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RE: [xmca] concepts

This is exactly what I thought, Jay. 

The student writing that I am analyzing is a reflection of a
service-learning project in which the students worked with a variety of
activities and concrete materials (ie. Planting native and non-native
plants, building a bench using logs and wooden pegs). The written
reflections are just one set of artifacts in the data which includes
pre-writing, illustration, and video interview and tour of the site. Another
great piece of the project was a student documentary. Multiple degrees of
generalization by multiple participants. It is a very rich data set which
contrasts to many of the measures available to analyze or score student

-----Original Message-----
From: xmca-bounces@weber.ucsd.edu [mailto:xmca-bounces@weber.ucsd.edu] On
Behalf Of Jay Lemke
Sent: Monday, April 18, 2011 9:22 PM
To: eXtended Mind, Culture, Activity
Subject: Re: [xmca] concepts

Thanks, Monica, for these thoughts and questions. It's been a busy week and
I am just working my way through more xmca postings.

One possible suggestion for getting at some of your questions about how much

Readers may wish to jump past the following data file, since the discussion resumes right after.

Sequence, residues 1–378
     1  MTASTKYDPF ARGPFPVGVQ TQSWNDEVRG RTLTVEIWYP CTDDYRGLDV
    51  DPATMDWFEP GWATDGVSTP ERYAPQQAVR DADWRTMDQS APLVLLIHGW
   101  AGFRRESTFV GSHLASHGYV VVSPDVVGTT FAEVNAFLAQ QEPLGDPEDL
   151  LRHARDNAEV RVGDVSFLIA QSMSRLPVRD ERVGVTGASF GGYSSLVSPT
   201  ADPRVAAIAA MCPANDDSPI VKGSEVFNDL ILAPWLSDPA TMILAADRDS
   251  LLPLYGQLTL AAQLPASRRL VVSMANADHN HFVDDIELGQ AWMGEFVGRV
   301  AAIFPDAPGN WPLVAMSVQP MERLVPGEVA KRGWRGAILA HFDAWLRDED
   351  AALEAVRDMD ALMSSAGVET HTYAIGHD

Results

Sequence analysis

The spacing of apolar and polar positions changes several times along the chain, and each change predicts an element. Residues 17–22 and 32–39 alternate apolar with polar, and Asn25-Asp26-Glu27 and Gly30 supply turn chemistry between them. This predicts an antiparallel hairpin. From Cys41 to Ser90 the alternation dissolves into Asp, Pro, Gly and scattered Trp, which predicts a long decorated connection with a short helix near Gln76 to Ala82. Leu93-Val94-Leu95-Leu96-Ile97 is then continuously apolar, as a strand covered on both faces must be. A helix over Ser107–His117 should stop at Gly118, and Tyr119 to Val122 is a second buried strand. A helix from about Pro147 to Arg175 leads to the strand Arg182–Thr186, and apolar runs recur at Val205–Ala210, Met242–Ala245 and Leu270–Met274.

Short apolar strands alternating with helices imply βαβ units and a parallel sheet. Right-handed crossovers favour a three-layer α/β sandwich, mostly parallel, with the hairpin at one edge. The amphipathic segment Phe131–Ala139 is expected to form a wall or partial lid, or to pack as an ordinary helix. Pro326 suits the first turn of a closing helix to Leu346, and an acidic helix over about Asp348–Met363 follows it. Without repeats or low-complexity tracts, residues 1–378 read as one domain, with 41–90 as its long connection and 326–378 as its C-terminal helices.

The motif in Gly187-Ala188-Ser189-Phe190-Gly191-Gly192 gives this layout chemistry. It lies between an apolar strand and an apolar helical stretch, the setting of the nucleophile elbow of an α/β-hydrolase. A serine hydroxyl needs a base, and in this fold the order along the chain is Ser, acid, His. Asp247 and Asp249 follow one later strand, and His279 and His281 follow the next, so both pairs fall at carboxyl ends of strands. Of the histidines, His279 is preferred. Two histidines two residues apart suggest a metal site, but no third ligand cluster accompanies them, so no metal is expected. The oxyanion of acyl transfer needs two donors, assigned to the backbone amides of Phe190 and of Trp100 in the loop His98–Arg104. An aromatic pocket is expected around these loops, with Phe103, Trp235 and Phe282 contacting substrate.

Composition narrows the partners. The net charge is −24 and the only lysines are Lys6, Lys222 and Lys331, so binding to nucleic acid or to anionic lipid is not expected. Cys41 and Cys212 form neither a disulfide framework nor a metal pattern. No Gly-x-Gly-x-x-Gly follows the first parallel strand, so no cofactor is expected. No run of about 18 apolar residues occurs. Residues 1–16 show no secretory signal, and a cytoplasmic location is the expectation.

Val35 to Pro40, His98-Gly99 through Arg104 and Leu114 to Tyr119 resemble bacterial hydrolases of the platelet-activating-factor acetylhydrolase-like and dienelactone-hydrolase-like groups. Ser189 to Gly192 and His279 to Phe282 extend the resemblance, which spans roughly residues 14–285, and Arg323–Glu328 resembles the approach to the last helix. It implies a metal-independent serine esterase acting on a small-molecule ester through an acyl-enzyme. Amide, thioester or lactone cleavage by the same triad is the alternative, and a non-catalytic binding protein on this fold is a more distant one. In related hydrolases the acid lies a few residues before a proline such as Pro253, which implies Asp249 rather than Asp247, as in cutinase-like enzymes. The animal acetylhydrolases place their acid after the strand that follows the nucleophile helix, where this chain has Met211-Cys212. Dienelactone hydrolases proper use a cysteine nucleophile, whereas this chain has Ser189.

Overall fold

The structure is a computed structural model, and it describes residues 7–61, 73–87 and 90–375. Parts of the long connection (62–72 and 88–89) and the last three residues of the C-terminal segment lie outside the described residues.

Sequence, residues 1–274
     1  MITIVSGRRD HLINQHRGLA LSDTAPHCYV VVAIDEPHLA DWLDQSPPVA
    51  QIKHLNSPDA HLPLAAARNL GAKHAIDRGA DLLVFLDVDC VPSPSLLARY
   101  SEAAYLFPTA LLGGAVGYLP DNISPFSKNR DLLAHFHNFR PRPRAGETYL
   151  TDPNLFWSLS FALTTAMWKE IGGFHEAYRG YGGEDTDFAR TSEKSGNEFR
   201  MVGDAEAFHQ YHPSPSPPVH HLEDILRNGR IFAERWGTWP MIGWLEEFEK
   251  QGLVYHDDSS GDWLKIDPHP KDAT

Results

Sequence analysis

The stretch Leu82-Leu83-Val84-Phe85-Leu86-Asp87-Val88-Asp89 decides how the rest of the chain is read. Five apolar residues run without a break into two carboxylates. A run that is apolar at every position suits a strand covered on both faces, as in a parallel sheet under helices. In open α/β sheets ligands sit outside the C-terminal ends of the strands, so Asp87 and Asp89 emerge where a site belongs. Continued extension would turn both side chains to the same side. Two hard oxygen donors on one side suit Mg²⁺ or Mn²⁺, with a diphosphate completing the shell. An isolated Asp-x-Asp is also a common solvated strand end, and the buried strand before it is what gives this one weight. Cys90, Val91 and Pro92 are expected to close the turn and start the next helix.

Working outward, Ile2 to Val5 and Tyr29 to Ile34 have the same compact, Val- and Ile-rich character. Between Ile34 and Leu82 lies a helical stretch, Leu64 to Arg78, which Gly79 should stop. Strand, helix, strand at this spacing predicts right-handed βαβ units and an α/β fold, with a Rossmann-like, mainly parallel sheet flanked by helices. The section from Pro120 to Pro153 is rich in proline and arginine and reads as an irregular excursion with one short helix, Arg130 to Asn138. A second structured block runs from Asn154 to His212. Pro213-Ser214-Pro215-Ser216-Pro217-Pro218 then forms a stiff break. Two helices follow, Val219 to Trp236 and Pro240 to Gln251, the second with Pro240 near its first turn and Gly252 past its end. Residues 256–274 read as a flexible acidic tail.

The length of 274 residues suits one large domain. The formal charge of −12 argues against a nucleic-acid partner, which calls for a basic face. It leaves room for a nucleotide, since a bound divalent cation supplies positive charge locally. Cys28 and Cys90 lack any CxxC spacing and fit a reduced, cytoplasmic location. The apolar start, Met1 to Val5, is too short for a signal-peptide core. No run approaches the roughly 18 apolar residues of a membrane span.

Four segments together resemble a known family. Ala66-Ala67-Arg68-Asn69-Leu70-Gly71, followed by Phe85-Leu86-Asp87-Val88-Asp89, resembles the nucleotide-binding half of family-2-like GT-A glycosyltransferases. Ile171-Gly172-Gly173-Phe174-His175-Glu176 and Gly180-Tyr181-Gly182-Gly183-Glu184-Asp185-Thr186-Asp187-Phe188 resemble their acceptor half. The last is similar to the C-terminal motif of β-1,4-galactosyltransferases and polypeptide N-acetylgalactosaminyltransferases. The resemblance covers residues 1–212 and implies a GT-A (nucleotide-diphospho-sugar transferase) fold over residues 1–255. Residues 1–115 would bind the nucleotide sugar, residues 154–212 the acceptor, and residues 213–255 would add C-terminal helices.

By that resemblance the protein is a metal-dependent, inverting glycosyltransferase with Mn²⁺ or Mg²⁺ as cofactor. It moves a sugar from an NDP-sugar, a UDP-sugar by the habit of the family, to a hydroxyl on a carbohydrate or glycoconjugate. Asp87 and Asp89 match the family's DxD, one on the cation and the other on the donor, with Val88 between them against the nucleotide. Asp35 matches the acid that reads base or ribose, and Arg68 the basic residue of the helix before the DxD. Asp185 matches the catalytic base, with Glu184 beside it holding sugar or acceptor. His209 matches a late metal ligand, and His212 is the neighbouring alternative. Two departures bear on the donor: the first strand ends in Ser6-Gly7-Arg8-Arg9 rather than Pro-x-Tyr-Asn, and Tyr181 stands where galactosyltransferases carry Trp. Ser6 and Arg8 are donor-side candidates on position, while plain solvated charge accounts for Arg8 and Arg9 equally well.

authentic meaning-making is going on in kids writing is to broaden the
mediating means -- what happens if they try to connect their written texts
with drawing pictures? or enacting a playlet? or building something? While
there are some aspects of meaning-making that are bound to particular sign
systems, in general I think the sort of flexible meaning-making we associate
with conceptual understanding crosses over from one to another, or more
subtly, it flows through and among them. When we restrict our meaning-making
artificially to just one medium (or one genre, or one topic) it becomes much
harder to tell the difference between rote and living meanings.


Jay Lemke
Senior Research Scientist
Laboratory for Comparative Human Cognition
University of California - San Diego
9500 Gilman Drive
La Jolla, California 92093-0506

Professor (Adjunct status 2009-11)
School of Education
University of Michigan
Ann Arbor, MI 48109

Professor Emeritus
City University of New York

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